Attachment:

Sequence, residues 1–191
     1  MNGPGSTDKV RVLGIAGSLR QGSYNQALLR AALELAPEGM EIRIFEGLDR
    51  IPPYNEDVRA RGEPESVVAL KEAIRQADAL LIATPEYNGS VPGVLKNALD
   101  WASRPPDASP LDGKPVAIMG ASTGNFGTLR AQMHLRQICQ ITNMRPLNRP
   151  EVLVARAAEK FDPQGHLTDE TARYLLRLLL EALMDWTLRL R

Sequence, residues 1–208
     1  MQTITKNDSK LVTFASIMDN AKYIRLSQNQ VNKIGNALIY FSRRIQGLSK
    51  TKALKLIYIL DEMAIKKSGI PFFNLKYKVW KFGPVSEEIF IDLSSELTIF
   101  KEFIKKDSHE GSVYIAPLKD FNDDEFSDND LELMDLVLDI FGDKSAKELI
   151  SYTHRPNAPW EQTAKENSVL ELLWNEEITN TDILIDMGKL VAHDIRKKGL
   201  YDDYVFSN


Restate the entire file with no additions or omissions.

Sequence, residues 1–191
     1  MNGPGSTDKV RVLGIAGSLR QGSYNQALLR AALELAPEGM EIRIFEGLDR
    51  IPPYNEDVRA RGEPESVVAL KEAIRQADAL LIATPEYNGS VPGVLKNALD
   101  WASRPPDASP LDGKPVAIMG ASTGNFGTLR AQMHLRQICQ ITNMRPLNRP
   151  EVLVARAAEK FDPQGHLTDE TARYLLRLLL EALMDWTLRL R

Sequence, residues 1–208
     1  MQTITKNDSK LVTFASIMDN AKYIRLSQNQ VNKIGNALIY FSRRIQGLSK
    51  TKALKLIYIL DEMAIKKSGI PFFNLKYKVW KFGPVSEEIF IDLSSELTIF
   101  KEFIKKDSHE GSVYIAPLKD FNDDEFSDND LELMDLVLDI FGDKSAKELI
   151  SYTHRPNAPW EQTAKENSVL ELLWNEEITN TDILIDMGKL VAHDIRKKGL
   201  YDDYVFSN